Uri director Aditya Dhar: Didn't make movie to undermine any country
Its resounding success at the box office aside, Vicky Kaushal’s Uri: The Surgical Strike has won critical acclaim for its depiction of the Indian Army’s efforts in the 2016 surgical strike against Pakistan.
However, recently, a review of the Aditya Dhar-directed film by a Pakistani cinephile attracted the attention of social media users — the reviewer opined that the military drama not only glorified war but also presented Pakistanis as “headless chickens”.
Taking the critique head-on, Dhar says, “A person has to be evil to think war is a great thing.
We all need peace. Having said that, if we want to defend our borders, we have to fight these elements. As a filmmaker, I was telling the story in chronological order. My point was to showcase the bravado of our army. Soldiers don’t like killing people.”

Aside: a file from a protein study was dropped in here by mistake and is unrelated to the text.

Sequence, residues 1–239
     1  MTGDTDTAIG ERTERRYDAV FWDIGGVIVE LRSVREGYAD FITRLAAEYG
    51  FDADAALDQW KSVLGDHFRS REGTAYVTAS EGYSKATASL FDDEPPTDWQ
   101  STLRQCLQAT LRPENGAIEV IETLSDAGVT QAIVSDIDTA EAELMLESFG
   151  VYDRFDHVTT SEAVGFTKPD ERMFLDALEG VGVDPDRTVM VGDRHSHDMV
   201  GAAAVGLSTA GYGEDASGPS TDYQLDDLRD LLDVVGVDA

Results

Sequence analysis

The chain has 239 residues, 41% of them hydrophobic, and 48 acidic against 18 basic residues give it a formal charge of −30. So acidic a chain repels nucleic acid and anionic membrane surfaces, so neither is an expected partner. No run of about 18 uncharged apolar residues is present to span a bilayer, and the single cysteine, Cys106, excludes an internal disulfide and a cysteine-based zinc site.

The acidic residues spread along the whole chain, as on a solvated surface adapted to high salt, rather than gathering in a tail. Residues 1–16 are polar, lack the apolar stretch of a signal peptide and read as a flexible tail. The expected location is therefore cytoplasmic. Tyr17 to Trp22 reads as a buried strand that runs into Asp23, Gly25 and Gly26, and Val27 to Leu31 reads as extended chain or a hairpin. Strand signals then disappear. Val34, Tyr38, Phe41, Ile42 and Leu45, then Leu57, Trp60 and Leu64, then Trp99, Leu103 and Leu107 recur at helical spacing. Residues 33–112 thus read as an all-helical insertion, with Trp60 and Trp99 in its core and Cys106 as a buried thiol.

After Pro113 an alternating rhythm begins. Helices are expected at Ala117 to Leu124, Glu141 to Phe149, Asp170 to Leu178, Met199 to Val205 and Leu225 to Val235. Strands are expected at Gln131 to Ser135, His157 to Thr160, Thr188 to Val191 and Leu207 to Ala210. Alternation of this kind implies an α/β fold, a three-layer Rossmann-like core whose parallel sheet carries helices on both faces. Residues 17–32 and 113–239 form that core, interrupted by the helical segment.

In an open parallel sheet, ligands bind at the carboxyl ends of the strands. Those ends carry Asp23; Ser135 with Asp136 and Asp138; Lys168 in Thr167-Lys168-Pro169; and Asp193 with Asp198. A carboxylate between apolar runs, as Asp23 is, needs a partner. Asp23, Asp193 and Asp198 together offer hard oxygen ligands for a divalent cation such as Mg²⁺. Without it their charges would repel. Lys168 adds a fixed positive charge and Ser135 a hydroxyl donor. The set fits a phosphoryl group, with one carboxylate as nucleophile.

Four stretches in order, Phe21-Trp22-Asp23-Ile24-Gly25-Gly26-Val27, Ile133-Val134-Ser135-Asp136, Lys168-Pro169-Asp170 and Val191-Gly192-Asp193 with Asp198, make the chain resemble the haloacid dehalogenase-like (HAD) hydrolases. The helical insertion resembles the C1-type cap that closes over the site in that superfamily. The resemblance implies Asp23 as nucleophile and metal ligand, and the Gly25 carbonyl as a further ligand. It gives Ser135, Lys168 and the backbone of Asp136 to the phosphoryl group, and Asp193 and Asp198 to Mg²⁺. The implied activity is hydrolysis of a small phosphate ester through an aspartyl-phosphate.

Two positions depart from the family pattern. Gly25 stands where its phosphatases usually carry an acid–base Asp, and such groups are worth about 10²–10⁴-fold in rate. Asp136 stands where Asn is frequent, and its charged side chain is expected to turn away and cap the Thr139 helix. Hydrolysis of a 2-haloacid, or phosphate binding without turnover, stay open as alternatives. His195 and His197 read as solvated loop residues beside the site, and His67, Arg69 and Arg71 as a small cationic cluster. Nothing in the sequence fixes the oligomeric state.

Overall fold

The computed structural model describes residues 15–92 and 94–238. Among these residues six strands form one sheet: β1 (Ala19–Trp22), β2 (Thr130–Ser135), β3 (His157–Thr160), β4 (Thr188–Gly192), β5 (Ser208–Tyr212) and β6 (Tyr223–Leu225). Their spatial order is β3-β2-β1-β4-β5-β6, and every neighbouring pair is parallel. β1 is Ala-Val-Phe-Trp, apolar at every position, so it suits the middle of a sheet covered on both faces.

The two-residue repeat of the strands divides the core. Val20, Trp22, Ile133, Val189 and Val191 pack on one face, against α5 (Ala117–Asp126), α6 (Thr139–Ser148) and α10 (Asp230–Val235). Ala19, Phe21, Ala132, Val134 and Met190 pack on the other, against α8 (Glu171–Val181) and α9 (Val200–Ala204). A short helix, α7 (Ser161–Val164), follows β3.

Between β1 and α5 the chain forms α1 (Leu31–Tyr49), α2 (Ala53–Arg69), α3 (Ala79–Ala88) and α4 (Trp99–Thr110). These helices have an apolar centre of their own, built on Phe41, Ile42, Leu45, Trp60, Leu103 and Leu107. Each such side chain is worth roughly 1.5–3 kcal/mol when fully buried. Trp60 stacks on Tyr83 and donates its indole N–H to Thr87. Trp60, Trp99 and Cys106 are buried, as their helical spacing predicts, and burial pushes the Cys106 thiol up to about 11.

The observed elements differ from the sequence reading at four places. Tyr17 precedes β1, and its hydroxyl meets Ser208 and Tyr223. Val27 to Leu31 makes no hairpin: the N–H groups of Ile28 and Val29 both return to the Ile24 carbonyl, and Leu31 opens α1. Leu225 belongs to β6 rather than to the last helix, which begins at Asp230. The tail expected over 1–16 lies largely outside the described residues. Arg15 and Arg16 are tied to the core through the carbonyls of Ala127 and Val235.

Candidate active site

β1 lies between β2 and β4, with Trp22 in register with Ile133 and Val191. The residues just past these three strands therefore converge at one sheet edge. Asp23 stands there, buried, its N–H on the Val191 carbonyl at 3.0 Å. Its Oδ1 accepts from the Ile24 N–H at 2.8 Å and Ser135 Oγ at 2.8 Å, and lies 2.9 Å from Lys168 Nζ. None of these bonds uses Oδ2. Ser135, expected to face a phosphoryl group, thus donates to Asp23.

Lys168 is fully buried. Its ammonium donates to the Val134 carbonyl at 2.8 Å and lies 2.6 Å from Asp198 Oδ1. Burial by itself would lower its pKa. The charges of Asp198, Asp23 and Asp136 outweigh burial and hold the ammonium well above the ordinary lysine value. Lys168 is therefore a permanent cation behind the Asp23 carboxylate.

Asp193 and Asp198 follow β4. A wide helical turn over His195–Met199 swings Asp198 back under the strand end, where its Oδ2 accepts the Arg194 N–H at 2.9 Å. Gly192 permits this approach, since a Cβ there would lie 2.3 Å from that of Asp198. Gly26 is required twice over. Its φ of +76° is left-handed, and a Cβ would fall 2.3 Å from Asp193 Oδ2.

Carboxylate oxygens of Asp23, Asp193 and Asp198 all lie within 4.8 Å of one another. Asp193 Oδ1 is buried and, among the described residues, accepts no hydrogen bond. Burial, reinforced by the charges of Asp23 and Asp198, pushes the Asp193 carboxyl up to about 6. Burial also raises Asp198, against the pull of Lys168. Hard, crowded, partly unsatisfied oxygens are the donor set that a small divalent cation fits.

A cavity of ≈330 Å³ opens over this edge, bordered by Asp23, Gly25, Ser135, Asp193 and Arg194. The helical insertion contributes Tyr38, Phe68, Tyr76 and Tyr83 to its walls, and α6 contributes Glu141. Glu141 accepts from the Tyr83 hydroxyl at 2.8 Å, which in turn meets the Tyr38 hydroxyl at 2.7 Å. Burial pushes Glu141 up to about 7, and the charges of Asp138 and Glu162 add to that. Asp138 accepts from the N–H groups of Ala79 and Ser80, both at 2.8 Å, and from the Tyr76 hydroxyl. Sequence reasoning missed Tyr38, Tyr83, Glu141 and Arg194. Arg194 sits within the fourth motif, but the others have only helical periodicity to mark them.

The debutant director goes on to add that the film takes a stand against terrorism, and not against a country per se.
“The film isn’t made with a motive to undermine another country. Uri is about the fight against terrorism. It even had dialogues like, ‘Hamari jung Pakistani junta se nahi hai.’ Any sane mind from the other side of the border should be able to see the intention.”
Considering its release coincided with the election year and shows the Government in a positive light, there has been enough chatter about the Yami Gautam starrer being a propaganda film.
Point this out to Dhar, and he says, “The release date was planned a year back. January 11 [seemed the ideal date] as January 15 is Army Day, followed by Republic Day on January 26. It’s a tribute to the Army and wasn’t backed by any political party. The film is a depiction of what happened. If the decision was taken by a party, we have to include it in the narrative.”